As St. Louis-based Cornerstone Insurance has demonstrated, doing wellness well gives broker’s a competitive edge and can help clients transform their companies. “Foreseeing the importance of wellness early on, Cornerstone hired its own full-time wellness director and set out not just to offer wellness programming as a value-add to its mostly Midwestern clients,” wrote Melissa A. Winn for Employee Benefit Adviser, “but also to serve as a regional poster child for how a commitment to wellness can transform a company.”


It’s paid off, too. Take its client, Lohr Distributorship Co., as an example. Lohr chose Cornerstone strictly for its wellness offerings. “After discussions with the agency, Lohr decided to use Cornerstone for its other insurance and HR outsourcing needs as well,” Winn wrote. “In addition to wellness and benefits administration, the agency handles Lohr’s new hire enrollments and reporting requirements under the Affordable Care Act.”


Here are three ways to follow Cornerstone’s example:


Create Feasible Wellness Plans

“Part of Cornerstone’s success stems from its understanding that, when it comes to wellness, one size doesn’t fit all,” Winn wrote. Cornerstone’s wellness director evaluates each client’s culture and creates programs to fit its needs. She also keeps in mind the size of the employer. This is key, wrote Tomer Ben-Kiki for Employee Benefit Adviser.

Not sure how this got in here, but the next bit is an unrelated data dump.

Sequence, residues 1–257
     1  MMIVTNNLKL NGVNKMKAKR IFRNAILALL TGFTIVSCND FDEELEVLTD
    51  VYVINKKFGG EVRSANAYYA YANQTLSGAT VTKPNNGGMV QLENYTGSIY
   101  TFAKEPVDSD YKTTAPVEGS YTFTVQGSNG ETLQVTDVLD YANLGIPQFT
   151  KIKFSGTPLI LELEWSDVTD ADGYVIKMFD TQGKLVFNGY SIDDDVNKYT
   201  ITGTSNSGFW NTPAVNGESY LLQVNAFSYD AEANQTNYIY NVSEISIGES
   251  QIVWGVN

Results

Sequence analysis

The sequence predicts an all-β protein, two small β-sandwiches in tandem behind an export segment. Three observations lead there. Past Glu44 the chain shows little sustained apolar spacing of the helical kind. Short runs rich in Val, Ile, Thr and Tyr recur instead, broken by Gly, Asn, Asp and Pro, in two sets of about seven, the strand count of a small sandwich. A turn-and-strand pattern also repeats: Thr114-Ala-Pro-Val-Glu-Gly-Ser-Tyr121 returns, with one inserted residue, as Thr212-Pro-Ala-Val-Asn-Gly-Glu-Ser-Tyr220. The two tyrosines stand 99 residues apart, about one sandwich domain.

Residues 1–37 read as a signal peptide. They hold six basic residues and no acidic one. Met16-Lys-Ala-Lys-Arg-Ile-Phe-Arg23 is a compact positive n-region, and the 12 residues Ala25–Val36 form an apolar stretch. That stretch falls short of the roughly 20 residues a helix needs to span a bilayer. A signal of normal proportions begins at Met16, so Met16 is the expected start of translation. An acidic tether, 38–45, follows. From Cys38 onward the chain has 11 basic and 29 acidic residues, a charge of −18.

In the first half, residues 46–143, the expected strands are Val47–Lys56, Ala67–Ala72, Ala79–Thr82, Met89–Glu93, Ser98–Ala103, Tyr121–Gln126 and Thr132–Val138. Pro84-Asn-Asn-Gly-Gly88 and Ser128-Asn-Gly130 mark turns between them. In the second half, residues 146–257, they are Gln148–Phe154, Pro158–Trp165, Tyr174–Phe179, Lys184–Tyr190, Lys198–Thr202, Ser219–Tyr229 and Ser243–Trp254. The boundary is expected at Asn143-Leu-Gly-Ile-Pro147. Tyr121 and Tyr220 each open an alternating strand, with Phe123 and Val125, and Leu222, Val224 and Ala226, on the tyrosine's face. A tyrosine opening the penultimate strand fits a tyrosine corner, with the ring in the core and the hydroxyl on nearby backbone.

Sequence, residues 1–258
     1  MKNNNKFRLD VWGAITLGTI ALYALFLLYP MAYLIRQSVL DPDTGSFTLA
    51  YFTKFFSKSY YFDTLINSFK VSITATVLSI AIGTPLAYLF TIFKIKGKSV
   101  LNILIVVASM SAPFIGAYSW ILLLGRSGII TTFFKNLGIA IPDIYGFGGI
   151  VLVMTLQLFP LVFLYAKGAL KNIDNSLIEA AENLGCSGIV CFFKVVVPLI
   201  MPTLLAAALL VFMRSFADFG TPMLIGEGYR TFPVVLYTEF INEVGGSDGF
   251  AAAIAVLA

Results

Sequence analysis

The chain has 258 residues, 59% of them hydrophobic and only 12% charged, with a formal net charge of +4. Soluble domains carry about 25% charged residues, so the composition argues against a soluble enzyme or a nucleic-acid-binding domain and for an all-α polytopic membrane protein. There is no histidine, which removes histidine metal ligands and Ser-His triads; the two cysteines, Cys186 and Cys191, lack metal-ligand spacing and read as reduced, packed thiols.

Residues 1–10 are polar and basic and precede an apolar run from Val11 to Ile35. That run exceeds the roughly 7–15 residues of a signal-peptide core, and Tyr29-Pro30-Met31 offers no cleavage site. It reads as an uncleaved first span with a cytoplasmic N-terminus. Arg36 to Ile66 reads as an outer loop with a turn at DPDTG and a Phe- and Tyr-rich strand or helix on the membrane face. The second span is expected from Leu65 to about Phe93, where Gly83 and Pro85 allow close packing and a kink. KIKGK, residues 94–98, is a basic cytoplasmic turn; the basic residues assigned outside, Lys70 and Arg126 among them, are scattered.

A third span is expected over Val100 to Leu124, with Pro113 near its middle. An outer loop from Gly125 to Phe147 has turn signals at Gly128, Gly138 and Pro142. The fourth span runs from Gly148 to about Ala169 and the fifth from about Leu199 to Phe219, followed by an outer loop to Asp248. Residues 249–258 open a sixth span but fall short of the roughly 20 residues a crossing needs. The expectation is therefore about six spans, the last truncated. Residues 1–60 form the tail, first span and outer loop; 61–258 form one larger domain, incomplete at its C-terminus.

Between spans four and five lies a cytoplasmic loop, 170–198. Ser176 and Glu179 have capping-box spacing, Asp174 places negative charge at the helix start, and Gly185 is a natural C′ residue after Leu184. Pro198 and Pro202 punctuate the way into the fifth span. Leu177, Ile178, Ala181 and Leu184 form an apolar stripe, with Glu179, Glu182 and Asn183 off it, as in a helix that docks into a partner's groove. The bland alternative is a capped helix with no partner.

“Every organization is unique in its culture, and what fits one does not necessarily fit the other,” he wrote. “Make sure you understand the types of issues your team is interested in ahead of an initiative, and collect feedback following its deployment.”


Create a Calendar

Cornerstone creates year-round programs for clients, with different quarters emphasizing nutrition, fitness, life balance, and prevention. Having a schedule can make all the difference, Ben-Kiki wrote. “By better understanding how to keep employees engaged throughout the year, benefits managers can channel the excitement around a New Year’s resolution to achieve their corporate wellness goal, into a year-long emotional wellness program that can truly make a difference in the lives of individuals and the organization as a whole,” he wrote.


Emphasize Value-On-Investment

Cornerstone uses this concept to help clients understand why wellness is important. Measures of value include “employee engagement, turnover, absenteeism, productivity, and recruitment and referral rates,” Winn wrote. “This is another area where integrated digital tools, with their real-time dashboards and ability to analyze trends, can be instrumental,” Ben-Kiki wrote.


In addition, the service is truly value-added for Cornerstone’s clients: Its wellness director “consults and designs programs for Cornerstone clients free of charge, but the client must cover the costs of undertaking the program, including prizes, equipment, and services such as biometric screenings.”